Pat Corrales – 1987 Topps

November 11, 2010

Paulie Walnuts!

God, I miss the Sopranos.

Corrales resembles Paulie Gaultieri. I wonder if Pat ever got lost in the Pine Barrens?

Corrales was a backup catcher (a lifer in Backup Catchers Union #242 – no doubt controlled by Paulie Walnuts). And like most backup catchers with a long career (which means you didn’t complain about playing behind guys like Johnny Bench and Tim McCarver), you automatically qualify as a coach / manager. And so, Pat was the manager for Texas, Philly (where he holds the distinction of the only manager to be fired while his club was in first place, as not even the Big Stein or Chris von der Ahe did that!), and Cleveland as you see.

This card is bittersweet, no doubt, for the Corrales clan. This was the infamous SI cover 1987 Indians.

I don’t think Corrales was totally to blame. While the Indians were 84-78 the year before, and scored the most runs in the AL, there had to be concerns about the staff and the defense. Cleveland totaled -44 fielding runs and committed the most errors in the AL in 1986. Their ERA was 12th in the AL, and the staff had guys who were on their way out (Phil Niekro, John Butcher, Jamie Easterly, Jim Kern, Dickie Noles), injury prone (Ernie Camacho), or never going to be a championship winning pitcher (Scott Bailes, Ken Schrom, Don Schulze, Neal Heaton) and guys that never fulfilled their potential (Greg Swindell, Brian Oelkers, Jose Roman).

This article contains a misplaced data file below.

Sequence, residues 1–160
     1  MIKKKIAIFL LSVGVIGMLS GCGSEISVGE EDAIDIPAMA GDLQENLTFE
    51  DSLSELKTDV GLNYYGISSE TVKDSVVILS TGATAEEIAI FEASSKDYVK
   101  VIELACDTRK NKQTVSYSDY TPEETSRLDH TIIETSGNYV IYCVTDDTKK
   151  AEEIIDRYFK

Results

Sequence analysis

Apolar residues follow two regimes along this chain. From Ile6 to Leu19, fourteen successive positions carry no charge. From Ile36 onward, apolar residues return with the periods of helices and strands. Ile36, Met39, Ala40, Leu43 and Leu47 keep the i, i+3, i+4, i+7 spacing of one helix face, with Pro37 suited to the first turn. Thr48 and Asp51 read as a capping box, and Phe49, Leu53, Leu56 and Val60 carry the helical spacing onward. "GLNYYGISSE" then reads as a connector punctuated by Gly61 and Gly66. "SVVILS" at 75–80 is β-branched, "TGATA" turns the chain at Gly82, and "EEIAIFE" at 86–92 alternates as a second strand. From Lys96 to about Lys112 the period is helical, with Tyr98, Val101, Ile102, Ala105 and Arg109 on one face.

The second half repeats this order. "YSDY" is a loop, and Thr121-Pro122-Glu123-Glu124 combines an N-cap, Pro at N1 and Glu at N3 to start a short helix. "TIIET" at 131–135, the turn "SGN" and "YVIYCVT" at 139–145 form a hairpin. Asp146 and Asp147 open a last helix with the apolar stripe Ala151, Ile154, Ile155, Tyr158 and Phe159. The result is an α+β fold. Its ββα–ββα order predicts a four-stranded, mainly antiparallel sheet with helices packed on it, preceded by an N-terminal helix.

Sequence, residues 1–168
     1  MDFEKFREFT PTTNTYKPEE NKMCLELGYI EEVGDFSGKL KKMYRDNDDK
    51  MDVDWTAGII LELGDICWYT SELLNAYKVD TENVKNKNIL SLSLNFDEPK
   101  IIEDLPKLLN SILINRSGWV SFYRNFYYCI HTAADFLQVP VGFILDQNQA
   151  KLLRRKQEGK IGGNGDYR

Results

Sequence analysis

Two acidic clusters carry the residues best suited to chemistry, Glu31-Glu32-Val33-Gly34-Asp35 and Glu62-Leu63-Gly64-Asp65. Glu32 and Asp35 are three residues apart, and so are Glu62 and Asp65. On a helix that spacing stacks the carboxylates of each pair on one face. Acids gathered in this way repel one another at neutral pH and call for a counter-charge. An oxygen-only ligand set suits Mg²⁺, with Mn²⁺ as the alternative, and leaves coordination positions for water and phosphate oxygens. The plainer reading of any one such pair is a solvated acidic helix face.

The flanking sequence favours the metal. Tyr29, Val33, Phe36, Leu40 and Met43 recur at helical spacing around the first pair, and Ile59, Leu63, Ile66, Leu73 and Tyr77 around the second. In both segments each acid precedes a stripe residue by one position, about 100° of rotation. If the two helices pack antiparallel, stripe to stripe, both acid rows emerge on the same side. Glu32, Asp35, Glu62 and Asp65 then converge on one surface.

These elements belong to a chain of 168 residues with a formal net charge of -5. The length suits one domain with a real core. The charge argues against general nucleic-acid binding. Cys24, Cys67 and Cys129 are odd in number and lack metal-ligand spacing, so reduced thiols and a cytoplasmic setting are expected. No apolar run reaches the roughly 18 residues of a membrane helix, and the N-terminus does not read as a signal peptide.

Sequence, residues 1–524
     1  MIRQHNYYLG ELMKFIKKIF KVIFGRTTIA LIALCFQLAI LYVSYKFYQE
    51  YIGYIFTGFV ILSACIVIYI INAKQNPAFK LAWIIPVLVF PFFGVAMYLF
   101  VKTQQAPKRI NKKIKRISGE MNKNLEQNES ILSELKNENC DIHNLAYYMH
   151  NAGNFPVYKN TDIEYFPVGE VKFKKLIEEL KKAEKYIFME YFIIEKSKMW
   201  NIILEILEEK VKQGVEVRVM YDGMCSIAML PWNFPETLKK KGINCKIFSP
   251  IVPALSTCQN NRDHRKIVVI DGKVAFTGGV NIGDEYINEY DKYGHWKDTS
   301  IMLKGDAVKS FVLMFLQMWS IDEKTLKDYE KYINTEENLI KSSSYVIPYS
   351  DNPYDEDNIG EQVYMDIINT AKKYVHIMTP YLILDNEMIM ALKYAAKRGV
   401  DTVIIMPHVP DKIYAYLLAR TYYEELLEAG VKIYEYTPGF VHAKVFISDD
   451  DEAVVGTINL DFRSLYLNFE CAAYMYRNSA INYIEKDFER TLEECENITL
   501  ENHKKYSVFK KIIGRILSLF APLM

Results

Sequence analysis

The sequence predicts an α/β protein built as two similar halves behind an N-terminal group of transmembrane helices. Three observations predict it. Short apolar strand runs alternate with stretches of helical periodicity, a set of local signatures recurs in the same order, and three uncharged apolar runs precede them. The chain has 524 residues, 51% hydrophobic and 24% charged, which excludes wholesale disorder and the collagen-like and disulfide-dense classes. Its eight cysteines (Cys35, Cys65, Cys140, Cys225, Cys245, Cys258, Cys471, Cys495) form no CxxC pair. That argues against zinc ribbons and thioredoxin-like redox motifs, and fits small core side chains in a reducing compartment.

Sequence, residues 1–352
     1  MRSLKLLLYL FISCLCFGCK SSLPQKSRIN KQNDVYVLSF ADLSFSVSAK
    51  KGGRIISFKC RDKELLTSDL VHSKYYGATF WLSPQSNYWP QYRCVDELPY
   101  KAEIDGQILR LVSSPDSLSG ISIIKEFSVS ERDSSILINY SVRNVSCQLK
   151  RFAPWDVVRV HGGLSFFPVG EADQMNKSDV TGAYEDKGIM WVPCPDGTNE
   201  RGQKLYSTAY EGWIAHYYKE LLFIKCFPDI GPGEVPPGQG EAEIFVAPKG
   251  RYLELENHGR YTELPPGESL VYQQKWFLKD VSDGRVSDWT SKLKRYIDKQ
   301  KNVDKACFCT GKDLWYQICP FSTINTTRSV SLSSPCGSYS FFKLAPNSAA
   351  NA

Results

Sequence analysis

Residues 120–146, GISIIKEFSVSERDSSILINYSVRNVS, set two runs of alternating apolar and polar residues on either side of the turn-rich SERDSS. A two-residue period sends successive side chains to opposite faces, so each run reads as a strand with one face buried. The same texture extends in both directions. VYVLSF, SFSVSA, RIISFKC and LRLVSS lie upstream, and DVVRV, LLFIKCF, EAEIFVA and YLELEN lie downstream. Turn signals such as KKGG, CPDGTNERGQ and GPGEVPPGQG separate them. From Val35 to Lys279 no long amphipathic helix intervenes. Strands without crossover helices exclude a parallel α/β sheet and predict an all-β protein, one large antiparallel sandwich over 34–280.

So what did the Indians due to shore up their pitching and defense between 1986 and 1987? Well…

They signed 33-year old outfielder and lifer in AAA Casey Parsons.

They signed failed Pittsburgh prospect Doug Froebel.

They signed fossil Rick Dempsey (who played with Charlie Manuel, Dean Chance, Ron Perranowski, and John Roseboro for the 1969 Twins).

They signed Kurt Kepshire, Dennis Lamp, Ed VandeBerg and traded for Jeff Kaiser.

During the spring, they released Kepshire and Lamp (who somehow kept finding jobs until 1992), and signed Steve Carlton.

So for the worst defense and a shaky pitching staff – they added two AAA outfielders, a catcher who played with Harmon Killebrew and Bob Allison, two journeyman lefties, and an old, crafty lefty (notice the trend…YOU GOTTA HAVE A LEFTY!!!!)  that had a 5.10 ERA at age 41.

“Remain calm! All is well!”

You know the story – some of the hitters regressed, big time (Snyder, Bernazard, Hall, Bando, Thornton), the pitching totally imploded (a 5.28 ERA as a team – no one who pitched over 100 innings had an ERA+ of over 100), and the defense was still lousy (first in errors, next to last in DPs, and -48 fielding runs).

I don’t know if Corrales was an accessory to the crime, or a main ringleader, but the complacency shown by the Indians brass was astounding. It was as if they said, “Hey, if everyone does what they did last year, or improves, we’ll be OK. And we’ll magically get better in fielding and those crafty vets will carry us through!”

Yeah, and Paulie knew the way out of the Pine Barrens…


2 Responses to “Pat Corrales – 1987 Topps”

  1. Your site has now been added to the Sports Card Blogroll,


    JayBee Anama

  2. […] Pat Corrales – 1987 Topps « Smed's Baseball Card Blog […]

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